Small-scale Wireless Robots for Medical Applications

Date: January 16, 2020, 4:00–5:00 PM (Social to follow)
Location: Annenberg 105
Speaker: Metin Sitti, Professor

Wireless small-scale medical robots have the potential to revolutionize healthcare, since they have the unique capability of non-invasive access and operation inside hard-to-reach and unprecedented small spaces inside the human body. However, due to miniaturization limitations on on-board actuation, powering, sensing, computing and communication, new methods need to be introduced in creating such tiny robots. First, cell-driven biohybrid microrobots are proposed, where a synthetic microswimmer is driven by attached biological microorganisms (bacteria and microalgae). Such biohybrid microswimmers loaded with drugs are shown in vitro to deliver drugs actively and locally to cancerous tissues. Next, external magnetic fields are used to derive and steer a wireless soft-bodied magnetic millirobot inspired by soft-bodied small animals. Such robot is demonstrated to be able to have seven locomotion modalities to be able to navigate in complex environments, such as inside the human body. Also, a baby jellyfish-inspired soft swimmer is shown to realize many diverse functions by controlling the local fluidic flow around them towards medical use.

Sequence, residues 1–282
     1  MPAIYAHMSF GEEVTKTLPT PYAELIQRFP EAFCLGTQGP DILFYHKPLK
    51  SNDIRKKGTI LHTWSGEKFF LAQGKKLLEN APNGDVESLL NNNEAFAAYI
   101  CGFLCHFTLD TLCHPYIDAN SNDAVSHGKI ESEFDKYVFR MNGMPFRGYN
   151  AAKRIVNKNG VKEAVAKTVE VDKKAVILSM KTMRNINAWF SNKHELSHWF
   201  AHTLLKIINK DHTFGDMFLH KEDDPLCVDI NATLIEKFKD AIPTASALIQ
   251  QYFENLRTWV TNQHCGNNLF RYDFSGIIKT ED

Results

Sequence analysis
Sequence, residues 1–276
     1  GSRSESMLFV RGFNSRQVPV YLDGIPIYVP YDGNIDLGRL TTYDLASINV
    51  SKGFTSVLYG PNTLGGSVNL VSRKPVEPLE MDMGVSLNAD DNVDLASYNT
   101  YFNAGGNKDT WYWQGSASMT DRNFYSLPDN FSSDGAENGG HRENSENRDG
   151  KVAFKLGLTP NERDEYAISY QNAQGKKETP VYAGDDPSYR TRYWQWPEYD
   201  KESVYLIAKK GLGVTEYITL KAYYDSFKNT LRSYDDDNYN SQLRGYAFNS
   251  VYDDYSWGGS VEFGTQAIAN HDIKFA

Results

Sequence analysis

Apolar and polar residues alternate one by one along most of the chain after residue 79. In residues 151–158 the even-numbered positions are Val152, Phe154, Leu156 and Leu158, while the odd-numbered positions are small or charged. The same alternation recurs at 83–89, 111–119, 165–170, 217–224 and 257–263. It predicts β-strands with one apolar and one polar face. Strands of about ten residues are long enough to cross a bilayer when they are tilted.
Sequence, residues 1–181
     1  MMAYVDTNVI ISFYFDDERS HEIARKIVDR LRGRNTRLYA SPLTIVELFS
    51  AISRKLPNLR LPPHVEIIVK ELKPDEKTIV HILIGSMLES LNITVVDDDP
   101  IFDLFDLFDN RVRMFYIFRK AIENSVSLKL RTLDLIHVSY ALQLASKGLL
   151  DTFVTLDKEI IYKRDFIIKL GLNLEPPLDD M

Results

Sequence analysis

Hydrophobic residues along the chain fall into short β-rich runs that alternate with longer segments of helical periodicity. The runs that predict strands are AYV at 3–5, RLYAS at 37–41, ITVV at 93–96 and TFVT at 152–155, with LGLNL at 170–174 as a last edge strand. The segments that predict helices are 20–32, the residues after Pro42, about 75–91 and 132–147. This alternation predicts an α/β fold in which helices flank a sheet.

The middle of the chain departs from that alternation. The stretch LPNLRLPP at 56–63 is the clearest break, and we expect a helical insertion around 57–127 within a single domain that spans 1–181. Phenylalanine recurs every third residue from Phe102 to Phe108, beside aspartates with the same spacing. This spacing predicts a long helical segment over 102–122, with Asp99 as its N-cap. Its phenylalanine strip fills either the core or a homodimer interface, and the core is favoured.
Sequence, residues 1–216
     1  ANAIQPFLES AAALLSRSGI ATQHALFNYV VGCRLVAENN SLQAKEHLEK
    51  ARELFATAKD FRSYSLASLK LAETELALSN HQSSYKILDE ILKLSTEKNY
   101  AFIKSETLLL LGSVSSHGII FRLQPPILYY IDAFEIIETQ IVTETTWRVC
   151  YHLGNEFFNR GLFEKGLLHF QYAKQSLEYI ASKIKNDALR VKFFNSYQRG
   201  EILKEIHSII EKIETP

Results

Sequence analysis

Metin Sitti

Director, Max Planck Institute for Intelligent Systems, Stuttgart, Germany

Metin Sitti Metin Sitti received PhD degree in electrical engineering from University of Tokyo, Japan in 1999. He was a research scientist at UC Berkeley during 1999-2002 and a professor at Carnegie Mellon University during 2002-2016. Since 2014, he has been the director of Physical Intelligence Department at Max Planck Institute for Intelligent Systems in Stuttgart, Germany. His research aims to create new small-scale, wireless, physically intelligent, bio-inspired, soft and multifunctional robots for translational medical applications. He is an IEEE Fellow. He received ERC Advanced Grant in 2019, Rahmi Koç Science Prize in 2018, SPIE Nanoengineering Pioneer Award in 2011 and NSF CAREER Award in 2005. He founded nanoGriptech Inc. in 2009 to commercialize gecko-inspired microfiber adhesives. He received many best paper awards in conferences, e.g., the best paper award in Robotics Science & Systems Conference in 2019. He is the editor-in-chief of Progress in Biomedical Engineering and Journal of Micro-Bio Robotics.


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